|Publication number||US5319814 A|
|Application number||US 07/958,295|
|Publication date||Jun 14, 1994|
|Filing date||Oct 7, 1992|
|Priority date||Oct 7, 1992|
|Publication number||07958295, 958295, US 5319814 A, US 5319814A, US-A-5319814, US5319814 A, US5319814A|
|Inventors||Charles D. Dyer, Jr.|
|Original Assignee||Dyer Jr Charles D|
|Export Citation||BiBTeX, EndNote, RefMan|
|Patent Citations (7), Referenced by (26), Classifications (10), Legal Events (2)|
|External Links: USPTO, USPTO Assignment, Espacenet|
The present invention relates to bedding, and particularly to combinations of an innerspring mattress with a quilted mattress cover.
An immense expenditure is laid out for mattresses each year. Some of this expenditure goes for air, water, or foam mattresses, but (in the United States at least) the overwhelming majority of expenditure goes for innerspring mattresses.
Some mattress technologies provide support which is inherently somewhat uniform (e.g. waterbeds, as extensively discussed in the presently preferred embodiment). This is NOT true of innerspring mattresses, where different coils can be made of different stiffnesses, to modulate the hardness of the mattress as desired across the length and width of the mattress. However, many existing innerspring mattresses were manufactured without such modulation, or without an adequate amount of such support modulation.
An innerspring mattress is a moderately expensive and long-lived consumer asset. (A typical price for a good-quality mattress and box-spring set, in the United States, would be in excess of $500, and the in-service lifetime of such a set would typically be more than 10 years.) Thus, purchase of complete bedding sets for all beds in a household would typically be a sizable expenditure. Consumers will be reluctant to replace old mattresses which are still serviceable.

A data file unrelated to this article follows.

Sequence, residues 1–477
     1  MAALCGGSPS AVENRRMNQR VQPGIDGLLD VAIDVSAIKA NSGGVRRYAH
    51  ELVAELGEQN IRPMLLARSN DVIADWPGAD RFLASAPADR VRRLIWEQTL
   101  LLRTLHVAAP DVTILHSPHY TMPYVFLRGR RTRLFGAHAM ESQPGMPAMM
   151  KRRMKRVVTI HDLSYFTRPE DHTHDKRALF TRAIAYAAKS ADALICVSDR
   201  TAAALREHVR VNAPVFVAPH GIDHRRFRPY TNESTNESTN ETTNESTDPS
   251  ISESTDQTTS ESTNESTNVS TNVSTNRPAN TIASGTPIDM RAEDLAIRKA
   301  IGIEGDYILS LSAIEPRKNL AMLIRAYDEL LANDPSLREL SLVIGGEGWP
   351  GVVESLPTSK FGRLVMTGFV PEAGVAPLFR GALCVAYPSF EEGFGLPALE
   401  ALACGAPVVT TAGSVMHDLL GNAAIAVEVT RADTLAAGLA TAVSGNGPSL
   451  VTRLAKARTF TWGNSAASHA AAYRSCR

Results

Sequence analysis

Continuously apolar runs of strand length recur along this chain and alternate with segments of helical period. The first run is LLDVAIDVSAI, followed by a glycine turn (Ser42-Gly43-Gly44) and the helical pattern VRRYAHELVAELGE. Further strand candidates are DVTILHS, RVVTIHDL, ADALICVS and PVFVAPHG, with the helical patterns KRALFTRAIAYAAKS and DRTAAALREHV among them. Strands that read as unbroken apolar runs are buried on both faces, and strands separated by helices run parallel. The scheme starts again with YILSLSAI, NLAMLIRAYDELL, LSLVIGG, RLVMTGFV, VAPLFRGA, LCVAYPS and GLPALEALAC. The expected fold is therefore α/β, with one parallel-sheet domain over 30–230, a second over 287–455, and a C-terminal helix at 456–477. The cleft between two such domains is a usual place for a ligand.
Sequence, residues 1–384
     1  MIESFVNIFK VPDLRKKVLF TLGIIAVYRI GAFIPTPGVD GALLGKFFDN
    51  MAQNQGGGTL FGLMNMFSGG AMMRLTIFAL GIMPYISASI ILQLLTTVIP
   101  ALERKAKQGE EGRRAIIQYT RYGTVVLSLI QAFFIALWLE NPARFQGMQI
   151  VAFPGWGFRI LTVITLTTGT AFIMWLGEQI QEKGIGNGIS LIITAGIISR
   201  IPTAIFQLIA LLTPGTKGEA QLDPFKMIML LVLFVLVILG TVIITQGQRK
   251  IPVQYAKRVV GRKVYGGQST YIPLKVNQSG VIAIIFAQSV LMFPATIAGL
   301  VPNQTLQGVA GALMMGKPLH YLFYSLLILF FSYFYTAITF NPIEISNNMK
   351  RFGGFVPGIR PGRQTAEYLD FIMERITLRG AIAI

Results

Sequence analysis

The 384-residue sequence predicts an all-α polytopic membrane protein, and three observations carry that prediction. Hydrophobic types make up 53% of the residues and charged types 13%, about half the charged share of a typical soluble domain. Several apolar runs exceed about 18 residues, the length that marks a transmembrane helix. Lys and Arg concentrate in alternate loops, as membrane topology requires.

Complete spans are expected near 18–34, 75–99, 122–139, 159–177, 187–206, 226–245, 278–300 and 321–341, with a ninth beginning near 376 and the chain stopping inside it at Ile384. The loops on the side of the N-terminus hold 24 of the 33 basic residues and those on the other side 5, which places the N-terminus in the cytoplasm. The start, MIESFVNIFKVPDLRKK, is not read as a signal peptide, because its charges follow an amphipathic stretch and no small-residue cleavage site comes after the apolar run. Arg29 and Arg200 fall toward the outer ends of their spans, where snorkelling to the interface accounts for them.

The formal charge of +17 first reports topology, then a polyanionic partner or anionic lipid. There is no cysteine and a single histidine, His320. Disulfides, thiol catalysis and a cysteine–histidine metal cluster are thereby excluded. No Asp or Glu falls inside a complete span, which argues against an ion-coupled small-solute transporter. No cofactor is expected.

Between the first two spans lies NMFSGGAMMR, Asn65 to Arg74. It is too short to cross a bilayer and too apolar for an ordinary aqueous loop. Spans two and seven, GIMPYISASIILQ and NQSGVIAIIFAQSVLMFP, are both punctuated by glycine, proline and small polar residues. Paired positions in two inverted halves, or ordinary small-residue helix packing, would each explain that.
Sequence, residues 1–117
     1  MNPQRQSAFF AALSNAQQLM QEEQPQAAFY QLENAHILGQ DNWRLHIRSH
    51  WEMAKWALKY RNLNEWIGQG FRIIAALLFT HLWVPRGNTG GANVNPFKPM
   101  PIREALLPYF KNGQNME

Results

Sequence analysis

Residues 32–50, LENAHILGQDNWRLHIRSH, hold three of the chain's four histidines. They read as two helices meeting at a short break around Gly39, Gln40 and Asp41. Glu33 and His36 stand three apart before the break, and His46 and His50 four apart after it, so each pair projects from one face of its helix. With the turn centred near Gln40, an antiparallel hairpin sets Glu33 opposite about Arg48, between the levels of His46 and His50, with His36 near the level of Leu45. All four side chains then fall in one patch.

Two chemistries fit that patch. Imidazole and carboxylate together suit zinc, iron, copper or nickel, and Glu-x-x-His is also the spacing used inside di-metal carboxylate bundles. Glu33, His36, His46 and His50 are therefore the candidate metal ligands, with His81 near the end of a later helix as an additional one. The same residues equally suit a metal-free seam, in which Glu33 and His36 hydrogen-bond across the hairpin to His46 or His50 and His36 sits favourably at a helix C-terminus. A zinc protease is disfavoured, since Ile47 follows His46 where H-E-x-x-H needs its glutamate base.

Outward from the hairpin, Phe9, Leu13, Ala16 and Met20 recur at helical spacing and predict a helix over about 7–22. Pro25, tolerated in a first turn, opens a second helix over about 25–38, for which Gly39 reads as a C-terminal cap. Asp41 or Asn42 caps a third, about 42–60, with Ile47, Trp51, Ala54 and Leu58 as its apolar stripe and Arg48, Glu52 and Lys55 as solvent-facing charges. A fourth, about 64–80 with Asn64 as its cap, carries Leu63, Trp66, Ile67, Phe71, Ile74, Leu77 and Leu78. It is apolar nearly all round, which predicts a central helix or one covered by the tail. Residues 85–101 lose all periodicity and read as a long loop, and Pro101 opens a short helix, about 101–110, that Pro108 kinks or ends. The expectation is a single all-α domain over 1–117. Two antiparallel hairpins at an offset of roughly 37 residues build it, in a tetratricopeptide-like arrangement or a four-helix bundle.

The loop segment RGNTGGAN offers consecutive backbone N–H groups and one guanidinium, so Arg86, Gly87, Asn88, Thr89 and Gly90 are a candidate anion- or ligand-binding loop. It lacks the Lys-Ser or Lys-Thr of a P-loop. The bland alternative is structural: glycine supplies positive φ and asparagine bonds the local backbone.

One advantageous application of the disclosed innovations is that they can be used to retrofit improved postural support to an existing innerspring mattress.
A further related advantage of the disclosed innovations is that manufacturers can use these innovative teachings to rapidly modify existing mattress designs, which are already in production (or even in inventory), to improve the postural support at minimal cost.
A further advantage is that a mattress's postural support can be readily customized. Thus, for example, the distribution of support needed by a muscular male athlete is quite different from that needed by a fashionably thin nulliparous adult female, or an obese middle-aged person. By use of the disclosed innovations, customized versions can readily be produced, at minimal cost, as simple modifications to an existing production line.
The hardness of an innerspring mattress is affected by the gauge of the spring wire, the number of springs, and the coil design. There is no generally accepted quantitative measure of hardness or softness of innersprings, but the extreme cases can be readily identified. Thus, for example, a full-size mattress with 312 coils1 of 12.5 gauge spring wire in Bonnell wrap would be an unusually hard mattress. Mattresses with lighter-gauge spring wire, for a given number of coils, would be softer. For a given spring wire gauge, mattresses with a lower number of coils will generally be softer.
Harder innerspring mattresses provide better overall postural alignment. However, harder mattresses are more likely to create pressure points. The disclosed innovations provide a way to reconcile these choices, and to obtain the comfort benefits of a soft mattress and also the postural advantages of a hard mattress.
Uniform support presents a problem, because the weight distribution of the human body is not at all uniform. The highest concentration of mass (per unit length in the height axis) will be between the shoulder blades and the hips. The mass per unit length is generally lower at the head, and is much lower in the legs.2 Thus, if a soft mattress has a uniform thickness and support, the user's hips or buttocks will tend to sink excessively far into the mattress.3 This problem is exacerbated when the mattress is used by two persons sleeping together.